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Whatever is said of Cowley, is meant of his other works. Of the Davideis no mention is made; it never appears in books, nor emerges in conversation. By the Spectator it has been once quoted; by Rymer it has once been praised; and by Dryden, in “ Mac Flecknoe,” it has once been imitated; nor do I recollect much other notice from its publication till now in the whole succession of English literature.
Of this silence and neglect, if the reason be inquired, it will be found partly in the choice of the subject, and partly in the performance of the work.
Sacred History has been always read with submissive reverence, and an imagination overawed and controlled. We have been accustomed to acquiesce in the nakedness and simplicity of the authentic narrative, and to repose on its veracity with such humble confidence as suppresses curiosity. We go with the Historian as he goes, and stop with him when he stops. All amplification is frivolous and vain ; all addition to that which is already sufficient for the purposes of Religion seems not only useless, but in some degree profane.
Such events as were produced by the visible interposition of Divine Power are above the power of human genius to dignify. The miracle of Creation, however it may teem with images, is best described with little diffusion of language: He spake the word, and they were made. . We are told that Saul was troubled with an evil spirit; from this Cowley takes an opportunity of describing Hell, and telling the history of Lucifer, who was, he says,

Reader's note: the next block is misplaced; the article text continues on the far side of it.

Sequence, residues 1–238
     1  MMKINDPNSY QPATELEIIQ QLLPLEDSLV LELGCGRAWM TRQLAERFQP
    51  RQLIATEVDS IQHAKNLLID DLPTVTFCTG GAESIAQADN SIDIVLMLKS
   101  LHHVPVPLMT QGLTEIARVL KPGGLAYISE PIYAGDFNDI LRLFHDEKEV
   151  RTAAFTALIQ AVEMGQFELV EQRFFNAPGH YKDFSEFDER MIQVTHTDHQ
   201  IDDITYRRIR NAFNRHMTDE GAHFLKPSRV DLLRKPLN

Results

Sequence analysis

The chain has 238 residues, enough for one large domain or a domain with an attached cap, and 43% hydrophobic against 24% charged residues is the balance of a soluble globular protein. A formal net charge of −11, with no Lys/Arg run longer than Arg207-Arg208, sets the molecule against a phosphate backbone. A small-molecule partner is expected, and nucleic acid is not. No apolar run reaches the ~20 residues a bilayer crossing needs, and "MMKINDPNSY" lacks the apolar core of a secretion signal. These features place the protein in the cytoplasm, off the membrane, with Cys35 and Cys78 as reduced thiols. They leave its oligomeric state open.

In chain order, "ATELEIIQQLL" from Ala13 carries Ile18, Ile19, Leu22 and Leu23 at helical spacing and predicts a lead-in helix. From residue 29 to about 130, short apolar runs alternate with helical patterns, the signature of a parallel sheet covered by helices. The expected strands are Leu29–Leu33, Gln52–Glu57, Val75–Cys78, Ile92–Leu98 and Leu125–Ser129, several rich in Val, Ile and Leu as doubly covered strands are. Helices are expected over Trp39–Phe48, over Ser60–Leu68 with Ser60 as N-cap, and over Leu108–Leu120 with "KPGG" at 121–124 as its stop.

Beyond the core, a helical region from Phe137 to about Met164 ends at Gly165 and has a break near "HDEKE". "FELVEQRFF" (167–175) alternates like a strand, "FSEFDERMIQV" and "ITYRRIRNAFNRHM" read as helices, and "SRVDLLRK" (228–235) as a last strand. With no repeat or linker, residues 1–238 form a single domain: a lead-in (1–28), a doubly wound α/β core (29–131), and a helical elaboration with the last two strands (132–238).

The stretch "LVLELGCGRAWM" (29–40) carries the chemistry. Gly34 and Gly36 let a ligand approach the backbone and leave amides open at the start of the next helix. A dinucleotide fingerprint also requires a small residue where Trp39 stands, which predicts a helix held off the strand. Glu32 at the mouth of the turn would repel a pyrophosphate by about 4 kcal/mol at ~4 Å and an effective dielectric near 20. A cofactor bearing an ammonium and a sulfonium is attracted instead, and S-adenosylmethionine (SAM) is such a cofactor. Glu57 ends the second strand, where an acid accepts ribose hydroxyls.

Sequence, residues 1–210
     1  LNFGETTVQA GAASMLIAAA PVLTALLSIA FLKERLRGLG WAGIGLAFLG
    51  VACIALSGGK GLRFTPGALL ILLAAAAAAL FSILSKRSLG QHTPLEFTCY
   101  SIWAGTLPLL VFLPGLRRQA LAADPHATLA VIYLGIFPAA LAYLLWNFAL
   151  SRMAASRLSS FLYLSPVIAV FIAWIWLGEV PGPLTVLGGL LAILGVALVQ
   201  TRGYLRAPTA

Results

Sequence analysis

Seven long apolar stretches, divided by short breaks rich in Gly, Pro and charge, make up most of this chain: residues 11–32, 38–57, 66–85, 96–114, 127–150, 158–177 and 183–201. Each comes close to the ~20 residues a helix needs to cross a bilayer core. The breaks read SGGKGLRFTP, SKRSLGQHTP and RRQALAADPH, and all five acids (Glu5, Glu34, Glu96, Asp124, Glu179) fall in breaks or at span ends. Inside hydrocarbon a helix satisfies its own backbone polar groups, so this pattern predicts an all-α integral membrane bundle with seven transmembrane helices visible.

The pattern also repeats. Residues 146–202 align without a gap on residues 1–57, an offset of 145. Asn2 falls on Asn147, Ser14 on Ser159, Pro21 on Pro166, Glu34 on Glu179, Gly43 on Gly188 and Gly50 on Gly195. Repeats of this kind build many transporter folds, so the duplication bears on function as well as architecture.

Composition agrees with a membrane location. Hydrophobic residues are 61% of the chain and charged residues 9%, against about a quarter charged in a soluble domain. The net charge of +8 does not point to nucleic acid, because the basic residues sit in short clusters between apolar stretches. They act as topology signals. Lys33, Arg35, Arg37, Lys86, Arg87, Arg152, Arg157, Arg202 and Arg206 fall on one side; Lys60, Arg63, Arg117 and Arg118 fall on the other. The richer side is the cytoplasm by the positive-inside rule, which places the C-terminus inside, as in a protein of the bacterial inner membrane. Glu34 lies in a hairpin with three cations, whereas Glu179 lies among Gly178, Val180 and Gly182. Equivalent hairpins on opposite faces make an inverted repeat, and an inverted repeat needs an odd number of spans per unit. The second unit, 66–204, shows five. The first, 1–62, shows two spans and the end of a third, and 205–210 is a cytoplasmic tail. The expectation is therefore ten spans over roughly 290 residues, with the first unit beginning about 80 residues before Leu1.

Once general of a gilded host of sprites,
Lucifer makes a speech to the inferior agents of mischief, in which there is something of Heathenism, and therefore of impropriety; and, to give efficacy to his words, concludes by lashing his breast with his long tail. Envy, after a pause, steps out, and among other declarations of her zeal utters thèse lines:
Do thou but threat, loud storms shall make reply, And thunder echo to the trembling sky: Whilst raging seas swell to so bold an height, As shall the fire's proud element affright. Th’ old drudging Sun, from his long-beaten way, Shall at thy voice start, and misguide the day. The jocund orbs shall break their measur'd pace, And stubborn poles change their allotted place, Heaven's gilded troops shall flutter here and there, Leaving their boasting songs tun'd to a sphere. Every reader feels himself weary with this useless talk of an allegorical Being.
It is not only when the events are confessedly miraculous, that fancy and fiction lose their effect : the whole system of life, while the Theocracy was yet visible, has an appearance so different from all other scenes of human action, that the reader of the Sacred Volume habitually considers it as the peculiar mode of existence of a distinct species of mankind, that lived and acted with manners uncommunicable ; so that it is difficult even for imagination to place us in the state of them whose story is related, and by consequence their joys and griefs are not easily adopted, nor can the attention be often interested in any thing that befalls them.